The number of farm deaths reported in the Health and Safety Authority (HSA) report that reviews the work-related fatalities in agriculture in Ireland from 2011 to 2020 tells of a very serious reality on Irish farms.

The report states that 208 people lost their lives as a result of a farm accident. However, in one way, numbers are just numbers.

We need to think about who and what’s behind the numbers, especially for those left behind.

Think about the 208 farm families left on Irish farms that have lost a loved one due to an accident on the farm.


Over 45% of these farm deaths were caused by moving tractors, tractors with loaders, or quad bikes that were driven or parked incorrectly. That’s almost 100 farmers who were working away as normal as part of their everyday workload who didn’t sit down again at the kitchen table.

For one reason or another, the tractor rolled, the loader failed or what was on the loader fell off, or the quad bike crashed with devastating results.

The use of a helmet on quad bikes and safety training for driving quad bikes will be regulated from November 2023. We can’t wait for this date. We need to start implementing this rule now.

As farm owners, you have control over this and need to get it as part of the everyday role on-farm – if farmers are on quads, a helmet is obligatory.

July not good

July is a particularly bad month for farm deaths, with over 16% of farm deaths happening in the month of July. Often it can be a very busy month in the fields.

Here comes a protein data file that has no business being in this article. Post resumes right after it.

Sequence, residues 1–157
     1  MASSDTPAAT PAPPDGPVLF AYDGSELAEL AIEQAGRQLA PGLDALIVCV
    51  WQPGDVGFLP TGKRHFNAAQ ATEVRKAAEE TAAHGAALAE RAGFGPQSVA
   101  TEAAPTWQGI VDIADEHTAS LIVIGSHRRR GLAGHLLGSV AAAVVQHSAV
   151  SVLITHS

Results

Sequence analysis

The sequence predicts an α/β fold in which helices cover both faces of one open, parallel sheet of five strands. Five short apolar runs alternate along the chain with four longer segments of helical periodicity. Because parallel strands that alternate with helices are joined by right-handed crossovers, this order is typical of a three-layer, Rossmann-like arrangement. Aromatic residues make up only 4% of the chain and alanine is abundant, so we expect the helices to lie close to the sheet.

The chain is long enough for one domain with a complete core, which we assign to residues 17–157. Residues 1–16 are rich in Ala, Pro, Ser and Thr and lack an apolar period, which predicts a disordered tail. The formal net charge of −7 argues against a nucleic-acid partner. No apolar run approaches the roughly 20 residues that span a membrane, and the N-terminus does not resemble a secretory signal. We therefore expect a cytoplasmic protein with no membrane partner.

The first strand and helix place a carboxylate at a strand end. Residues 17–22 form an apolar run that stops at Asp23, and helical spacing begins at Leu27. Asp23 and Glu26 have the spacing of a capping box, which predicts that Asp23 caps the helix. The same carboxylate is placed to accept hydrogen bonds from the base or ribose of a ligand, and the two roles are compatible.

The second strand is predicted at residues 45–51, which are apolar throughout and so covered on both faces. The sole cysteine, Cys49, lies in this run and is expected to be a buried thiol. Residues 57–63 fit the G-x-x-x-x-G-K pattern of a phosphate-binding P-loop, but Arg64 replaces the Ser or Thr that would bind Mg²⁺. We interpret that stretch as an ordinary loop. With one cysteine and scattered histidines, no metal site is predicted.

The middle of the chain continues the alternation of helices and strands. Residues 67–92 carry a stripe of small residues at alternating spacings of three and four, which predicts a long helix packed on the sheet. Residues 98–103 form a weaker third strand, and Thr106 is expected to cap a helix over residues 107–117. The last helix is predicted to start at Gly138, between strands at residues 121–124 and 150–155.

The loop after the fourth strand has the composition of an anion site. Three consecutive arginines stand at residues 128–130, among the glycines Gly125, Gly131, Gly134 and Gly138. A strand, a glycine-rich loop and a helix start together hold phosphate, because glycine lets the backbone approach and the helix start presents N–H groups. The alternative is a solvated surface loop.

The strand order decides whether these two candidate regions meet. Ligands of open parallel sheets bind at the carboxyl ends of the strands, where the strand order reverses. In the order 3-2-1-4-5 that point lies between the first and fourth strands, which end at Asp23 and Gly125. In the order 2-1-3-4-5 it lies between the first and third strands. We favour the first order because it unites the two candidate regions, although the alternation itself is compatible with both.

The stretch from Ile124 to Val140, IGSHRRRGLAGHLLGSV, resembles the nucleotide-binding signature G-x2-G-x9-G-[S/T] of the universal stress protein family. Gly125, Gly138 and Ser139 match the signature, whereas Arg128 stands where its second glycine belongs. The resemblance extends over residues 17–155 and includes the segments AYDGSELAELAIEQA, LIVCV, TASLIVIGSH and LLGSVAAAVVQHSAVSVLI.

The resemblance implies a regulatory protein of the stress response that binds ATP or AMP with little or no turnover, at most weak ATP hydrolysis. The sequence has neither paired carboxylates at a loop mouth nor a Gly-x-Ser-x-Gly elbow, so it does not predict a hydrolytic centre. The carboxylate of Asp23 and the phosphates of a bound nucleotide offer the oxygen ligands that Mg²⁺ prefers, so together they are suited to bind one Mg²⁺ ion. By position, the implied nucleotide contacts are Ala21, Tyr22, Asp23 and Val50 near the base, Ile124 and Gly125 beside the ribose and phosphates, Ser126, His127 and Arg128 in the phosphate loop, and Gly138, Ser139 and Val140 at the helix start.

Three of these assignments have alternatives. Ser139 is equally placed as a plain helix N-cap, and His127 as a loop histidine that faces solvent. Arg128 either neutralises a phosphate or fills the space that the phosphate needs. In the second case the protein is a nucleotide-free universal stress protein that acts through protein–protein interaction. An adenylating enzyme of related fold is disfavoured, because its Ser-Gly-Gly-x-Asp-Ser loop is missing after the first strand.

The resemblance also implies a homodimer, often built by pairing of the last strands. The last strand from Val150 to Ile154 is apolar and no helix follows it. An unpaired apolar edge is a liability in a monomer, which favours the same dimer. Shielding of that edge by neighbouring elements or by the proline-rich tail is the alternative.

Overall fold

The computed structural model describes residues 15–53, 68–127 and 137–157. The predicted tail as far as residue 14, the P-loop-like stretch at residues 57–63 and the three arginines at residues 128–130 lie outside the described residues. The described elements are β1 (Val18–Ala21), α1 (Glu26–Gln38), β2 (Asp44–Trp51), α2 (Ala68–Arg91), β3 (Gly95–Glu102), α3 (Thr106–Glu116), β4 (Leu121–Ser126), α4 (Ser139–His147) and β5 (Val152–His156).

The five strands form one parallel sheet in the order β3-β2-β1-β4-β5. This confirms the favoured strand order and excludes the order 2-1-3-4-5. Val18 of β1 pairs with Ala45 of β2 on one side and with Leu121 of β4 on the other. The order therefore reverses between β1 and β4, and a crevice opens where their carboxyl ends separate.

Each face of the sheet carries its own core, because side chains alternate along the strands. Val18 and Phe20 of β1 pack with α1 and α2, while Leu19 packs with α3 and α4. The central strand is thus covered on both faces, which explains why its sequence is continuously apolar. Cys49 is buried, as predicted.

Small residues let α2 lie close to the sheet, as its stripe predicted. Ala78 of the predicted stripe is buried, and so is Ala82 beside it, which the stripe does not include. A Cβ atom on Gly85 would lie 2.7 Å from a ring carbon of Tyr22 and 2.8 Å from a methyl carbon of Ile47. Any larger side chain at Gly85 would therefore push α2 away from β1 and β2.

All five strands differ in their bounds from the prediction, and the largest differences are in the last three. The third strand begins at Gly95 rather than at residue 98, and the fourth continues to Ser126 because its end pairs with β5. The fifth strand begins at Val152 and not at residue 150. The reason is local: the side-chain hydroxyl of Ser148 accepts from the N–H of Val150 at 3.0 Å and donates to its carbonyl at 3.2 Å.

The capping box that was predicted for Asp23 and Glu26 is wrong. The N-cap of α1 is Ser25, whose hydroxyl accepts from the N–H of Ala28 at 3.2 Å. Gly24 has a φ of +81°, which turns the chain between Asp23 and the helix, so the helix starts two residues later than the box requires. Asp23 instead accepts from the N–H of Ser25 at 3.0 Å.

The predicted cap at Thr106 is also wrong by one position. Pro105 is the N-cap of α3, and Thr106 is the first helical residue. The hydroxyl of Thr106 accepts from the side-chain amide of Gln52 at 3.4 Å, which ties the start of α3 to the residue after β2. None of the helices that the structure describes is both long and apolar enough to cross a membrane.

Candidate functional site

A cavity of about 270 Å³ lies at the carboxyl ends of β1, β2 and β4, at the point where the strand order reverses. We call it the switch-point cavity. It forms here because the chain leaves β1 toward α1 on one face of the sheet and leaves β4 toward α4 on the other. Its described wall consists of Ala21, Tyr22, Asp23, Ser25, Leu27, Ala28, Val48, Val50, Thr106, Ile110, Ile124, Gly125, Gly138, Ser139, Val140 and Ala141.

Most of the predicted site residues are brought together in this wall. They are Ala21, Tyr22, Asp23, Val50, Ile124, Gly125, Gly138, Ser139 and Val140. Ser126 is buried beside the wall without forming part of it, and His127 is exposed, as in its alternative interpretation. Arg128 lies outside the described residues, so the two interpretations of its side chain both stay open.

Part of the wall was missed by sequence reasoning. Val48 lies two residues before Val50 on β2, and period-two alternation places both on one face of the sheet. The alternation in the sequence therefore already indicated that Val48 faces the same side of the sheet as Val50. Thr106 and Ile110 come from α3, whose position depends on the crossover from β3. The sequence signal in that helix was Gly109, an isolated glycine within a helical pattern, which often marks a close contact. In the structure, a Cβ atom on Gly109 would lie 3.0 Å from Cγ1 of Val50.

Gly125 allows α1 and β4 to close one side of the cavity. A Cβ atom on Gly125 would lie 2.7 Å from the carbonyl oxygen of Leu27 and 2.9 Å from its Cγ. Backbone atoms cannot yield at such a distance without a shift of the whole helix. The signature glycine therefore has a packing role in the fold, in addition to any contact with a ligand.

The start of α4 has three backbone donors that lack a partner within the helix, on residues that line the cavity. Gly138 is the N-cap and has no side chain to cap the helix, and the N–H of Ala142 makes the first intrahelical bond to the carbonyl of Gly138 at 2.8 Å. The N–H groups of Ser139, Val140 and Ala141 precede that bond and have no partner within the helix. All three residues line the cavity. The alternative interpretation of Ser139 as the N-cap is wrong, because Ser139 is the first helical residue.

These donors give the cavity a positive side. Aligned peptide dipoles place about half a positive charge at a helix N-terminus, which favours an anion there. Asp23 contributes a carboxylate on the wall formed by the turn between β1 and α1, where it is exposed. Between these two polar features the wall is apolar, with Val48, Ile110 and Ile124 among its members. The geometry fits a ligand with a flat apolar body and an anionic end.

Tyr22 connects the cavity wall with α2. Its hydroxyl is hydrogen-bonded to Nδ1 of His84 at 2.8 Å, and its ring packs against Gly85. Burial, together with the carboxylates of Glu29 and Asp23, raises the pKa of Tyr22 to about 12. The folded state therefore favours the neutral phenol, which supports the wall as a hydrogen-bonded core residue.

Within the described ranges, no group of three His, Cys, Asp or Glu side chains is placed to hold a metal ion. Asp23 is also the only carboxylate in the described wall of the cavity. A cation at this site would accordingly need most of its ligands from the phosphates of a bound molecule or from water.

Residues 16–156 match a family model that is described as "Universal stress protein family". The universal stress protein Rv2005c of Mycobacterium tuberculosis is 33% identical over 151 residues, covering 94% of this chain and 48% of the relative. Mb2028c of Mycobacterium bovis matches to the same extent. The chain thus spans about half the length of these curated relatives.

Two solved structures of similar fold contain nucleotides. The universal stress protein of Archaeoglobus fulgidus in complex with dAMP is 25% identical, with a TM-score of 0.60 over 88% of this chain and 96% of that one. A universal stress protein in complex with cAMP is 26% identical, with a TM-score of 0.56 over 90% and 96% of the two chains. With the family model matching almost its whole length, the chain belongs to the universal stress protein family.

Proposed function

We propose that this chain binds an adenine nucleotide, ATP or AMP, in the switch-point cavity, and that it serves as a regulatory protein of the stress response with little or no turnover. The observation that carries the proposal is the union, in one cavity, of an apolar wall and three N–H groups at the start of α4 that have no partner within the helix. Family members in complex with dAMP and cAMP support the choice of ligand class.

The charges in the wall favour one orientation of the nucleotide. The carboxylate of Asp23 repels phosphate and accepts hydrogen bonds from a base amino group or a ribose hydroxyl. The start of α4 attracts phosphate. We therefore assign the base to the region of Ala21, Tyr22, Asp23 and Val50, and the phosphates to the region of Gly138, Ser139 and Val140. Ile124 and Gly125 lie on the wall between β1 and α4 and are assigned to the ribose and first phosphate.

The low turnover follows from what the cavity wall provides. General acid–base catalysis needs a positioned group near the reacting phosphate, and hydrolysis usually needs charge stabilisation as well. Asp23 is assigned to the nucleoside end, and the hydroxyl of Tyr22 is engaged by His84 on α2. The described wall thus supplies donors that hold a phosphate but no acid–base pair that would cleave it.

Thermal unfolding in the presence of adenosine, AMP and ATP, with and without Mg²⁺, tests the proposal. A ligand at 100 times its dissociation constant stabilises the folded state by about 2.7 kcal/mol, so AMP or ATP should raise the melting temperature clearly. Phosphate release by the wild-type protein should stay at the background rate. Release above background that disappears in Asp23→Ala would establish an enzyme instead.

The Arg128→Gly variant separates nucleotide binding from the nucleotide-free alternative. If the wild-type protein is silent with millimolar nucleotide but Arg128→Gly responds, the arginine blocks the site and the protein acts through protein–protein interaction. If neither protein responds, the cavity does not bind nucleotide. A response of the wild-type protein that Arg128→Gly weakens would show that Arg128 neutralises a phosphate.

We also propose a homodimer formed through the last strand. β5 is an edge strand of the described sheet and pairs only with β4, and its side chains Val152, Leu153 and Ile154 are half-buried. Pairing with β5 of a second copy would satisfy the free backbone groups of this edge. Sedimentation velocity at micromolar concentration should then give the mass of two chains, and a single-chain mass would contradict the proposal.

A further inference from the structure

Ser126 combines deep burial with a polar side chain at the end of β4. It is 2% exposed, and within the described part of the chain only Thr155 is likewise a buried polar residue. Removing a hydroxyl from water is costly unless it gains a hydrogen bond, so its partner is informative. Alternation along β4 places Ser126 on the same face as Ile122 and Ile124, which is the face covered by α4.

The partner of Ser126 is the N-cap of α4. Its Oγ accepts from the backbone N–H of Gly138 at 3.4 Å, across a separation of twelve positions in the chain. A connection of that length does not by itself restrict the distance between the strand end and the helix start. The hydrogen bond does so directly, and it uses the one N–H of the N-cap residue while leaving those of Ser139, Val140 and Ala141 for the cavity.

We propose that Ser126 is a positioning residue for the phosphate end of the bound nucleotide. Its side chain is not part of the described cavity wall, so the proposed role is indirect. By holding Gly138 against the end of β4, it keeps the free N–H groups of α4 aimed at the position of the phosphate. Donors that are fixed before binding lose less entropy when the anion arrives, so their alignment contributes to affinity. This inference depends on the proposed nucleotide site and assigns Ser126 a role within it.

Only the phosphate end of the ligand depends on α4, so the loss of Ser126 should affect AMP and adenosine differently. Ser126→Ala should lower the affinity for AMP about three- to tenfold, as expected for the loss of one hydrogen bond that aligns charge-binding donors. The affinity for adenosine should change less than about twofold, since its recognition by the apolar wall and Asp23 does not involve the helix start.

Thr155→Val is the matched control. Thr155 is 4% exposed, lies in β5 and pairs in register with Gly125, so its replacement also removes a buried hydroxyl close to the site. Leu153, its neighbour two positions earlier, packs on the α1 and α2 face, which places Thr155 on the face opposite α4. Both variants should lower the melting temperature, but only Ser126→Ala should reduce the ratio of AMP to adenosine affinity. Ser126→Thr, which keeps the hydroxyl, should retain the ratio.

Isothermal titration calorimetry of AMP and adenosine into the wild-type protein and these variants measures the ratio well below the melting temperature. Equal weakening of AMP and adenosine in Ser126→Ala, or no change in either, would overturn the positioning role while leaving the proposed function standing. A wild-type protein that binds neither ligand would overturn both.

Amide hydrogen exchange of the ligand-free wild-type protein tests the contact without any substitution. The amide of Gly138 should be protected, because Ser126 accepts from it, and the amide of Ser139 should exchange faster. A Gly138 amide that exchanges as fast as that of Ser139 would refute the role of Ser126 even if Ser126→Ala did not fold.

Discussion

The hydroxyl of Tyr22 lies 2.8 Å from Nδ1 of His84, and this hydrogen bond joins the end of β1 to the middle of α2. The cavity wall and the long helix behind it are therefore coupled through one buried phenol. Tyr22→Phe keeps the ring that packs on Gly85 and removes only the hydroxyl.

There can frequently be a lot more people around the farm, as families are on holidays or kids are not in school. All pose additional dangers to an already dangerous workplace.

Albert Evans – Farm accident survivor account

Albert Evans has farmed alongside his wife Anne for the past 32 years near Arklow, Co Wicklow. He spoke about the impact that his farm accident had on his family and those around him.

“It was coming into the calving season, I had been up late and was tired. Looking back on it now, I realise there was not enough preparation done beforehand for this busy time on-farm.

“When I went into the calf pen shed, I saw some timber sticking out, so I picked up the chainsaw without thinking to trim the gate and was nearly finished when I knew something was wrong.

“There were bits of wellies flying everywhere and when I looked down at my foot, I didn’t actually feel it but I knew I had done a lot of damage. I had to go to hospital and have two operations. Only for Anne and the goodwill of our neighbours I was in a lot of trouble, as I was out of action for a couple of months.”

Anne said: “The impact on the family was huge. We had to urgently look for help as there was so much to do. I would love if we could talk more about accidents and create a change in terms of farm safety culture. We learnt a serious lesson – use the quiet times on the farm to prepare and ensure the farm is a safe place to work.”

Albert continued: “Think before you do anything. It is very important to train in farm safety, and there are many courses to avail of nowadays. Don’t wait to make change – do it now.”